I am nearly 38 years old, and I’ve made my share of (big) financial mistakes in my life. I have learned from every mistake… and my life is finally leaning towards good financial shape.
However, there are a few key things I wish I had known when going out into the real world after high school.
Would I change things? Most likely. I wouldn’t have built a mountain of debt, but then I wouldn’t have met all of you wonderful people. I wouldn’t have been so lackidasical about the importance of building a retirement fund, but now I have more focus in making sure I do secure one. I probably wouldn’t have married so quickly without making sure the financial house is in order, but then I couldn’t be happy that I am celebrating my 4 year anniversary next week.
The important thing these financial mistakes have taught me, it’s important to have a plan for managing your finances to cover today, tomorrow, and the future. I hope that my kids will benefit from the lessons I am learning on this financial journey. And that it may also benefit others reading this list.
And yes, there is a bit of my past conjured up. I have to admit I am ashamed of some of my financial blunders.
- Don’t use a checking account if you don’t have money in it. My parents are a disaster when it comes to finances. I learned to finance like them. Bad, bad, bad. I had my first job working 13 hours a week at Fabric King, opened a checking account, and wrote checks. I quickly learned that if you don’t write down your expenditures in the record log you will quickly learn what compound Overdraft charges are. They cascade and it becomes quite troublesome. Checks are pretty much becoming a thing of the past, but the importance is to make sure you track what you spend.
- How to control impulse spending. This goes along with the first on this list that I have found trouble, impulse spending. I was buying clothes when I didn’t need them. I had to have that Fringe Leather jacket. Buying the shiny new cell phone (that looked like you were carrying a brick in your purse). I had to have it. It depleted my checking account and the aftermath was not pleasant. I finally have learned to curb (most) of my impulse spending. I give at least 24 hours to five days to think about it. Seeing if I have the cash to buy it. Most of the time I don’t end up buying that “got to have it”, because I realize I don’t need it. Learn to control your impulse spending.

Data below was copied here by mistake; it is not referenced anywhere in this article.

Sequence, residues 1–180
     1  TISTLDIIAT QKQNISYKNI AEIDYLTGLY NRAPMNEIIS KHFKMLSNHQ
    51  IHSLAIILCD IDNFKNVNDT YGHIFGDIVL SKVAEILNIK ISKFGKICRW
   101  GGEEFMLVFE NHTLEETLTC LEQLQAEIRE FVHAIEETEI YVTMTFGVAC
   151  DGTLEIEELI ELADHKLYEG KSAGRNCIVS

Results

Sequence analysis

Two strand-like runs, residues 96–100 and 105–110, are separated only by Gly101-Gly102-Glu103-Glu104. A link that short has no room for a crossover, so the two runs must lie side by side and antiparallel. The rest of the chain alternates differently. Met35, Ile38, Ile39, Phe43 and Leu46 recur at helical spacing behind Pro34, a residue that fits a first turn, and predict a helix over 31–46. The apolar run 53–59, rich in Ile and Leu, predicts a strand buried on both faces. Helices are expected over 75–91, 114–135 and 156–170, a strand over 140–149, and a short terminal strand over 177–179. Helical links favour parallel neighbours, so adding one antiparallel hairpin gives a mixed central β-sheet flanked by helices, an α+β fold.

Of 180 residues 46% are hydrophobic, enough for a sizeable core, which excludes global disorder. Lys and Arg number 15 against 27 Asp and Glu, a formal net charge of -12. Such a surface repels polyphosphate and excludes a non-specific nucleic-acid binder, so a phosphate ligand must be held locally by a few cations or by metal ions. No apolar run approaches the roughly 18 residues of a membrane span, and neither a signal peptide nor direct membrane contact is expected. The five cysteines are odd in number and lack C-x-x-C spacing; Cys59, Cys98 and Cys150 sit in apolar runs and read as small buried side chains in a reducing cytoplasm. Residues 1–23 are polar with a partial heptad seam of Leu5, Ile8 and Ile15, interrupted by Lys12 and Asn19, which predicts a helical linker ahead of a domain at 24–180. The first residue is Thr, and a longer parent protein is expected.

- How to plan finances. School’s microeconomics class didn’t do a thing for me. I learned how to balance a checkbook, but I didn’t correlate it with using it in the real world. I wish that I had a mentor in managing finances when growing up. I wish I knew how to save, how to allocate, how to track, how to pay the bill in full each month. I think it is important to find a financial mentor when growing up. Ask questions from reputable sources about how to manage your finances.
- Don’t give into the first credit card offer you receive. Or the next, or the next one after that. If you wait long enough the credit card company will finally give you a card with a very low balance or even a 0% APR. If they don’t then you are not worth to have a credit card yet. My mistake, I did pick up the first offer on several occassions without thought and now those companies are making a killing off of me! I do believe in having at least one credit card for traveling expenses and emergencies. Other than those reasons, don’t touch it!
- Fund my Retirement. And don’t withdrawal it. I lackadaisically thought that I could wait until I was older to start funding my retirement. Then as I got older I kept thinking I could put it off after I got out of this financial mess. There was one excuse after another. Knowing now that (a possible bankrupt) Social Security will not fulfill my retirement lifestyle; it scares me that I may not have enough to hold me in my old age. I didn’t start funding my retirement until I was I was in my early 30s. I have a ways to catch up to my retirement number. Oh, what money I could have invested! Start funding your retirement account when you get your first job or as early as possible.
- All the financial stuff you’re doing that seems hard â€” it will be of use. If you’re reading this blog, then you are probably in a funk. We are working hard to track, save, dig our way out of debt. Even after getting out of debt there is saving and managing further finances. It will be of use. I firmly believe that the great doors of opportunity will start opening for each of us. By slowly setting my debt freeâ€¦ I have learned to see opportunities beyond my scope of focus; like setting up alternative incomes. Keep working at becoming debt free and build your wealth.
I don’t regret all the mistakes I have made. I believe they have made me the stronger person I am today. Plus I have the opportunity to meet some wonderful people along my journey. I know my hard efforts will allow me to blossom my dreams. Don’t give up on your journey. It will be well worth it.
I am curious to knowâ€¦ what financial lessons you wish you had known when starting out in life?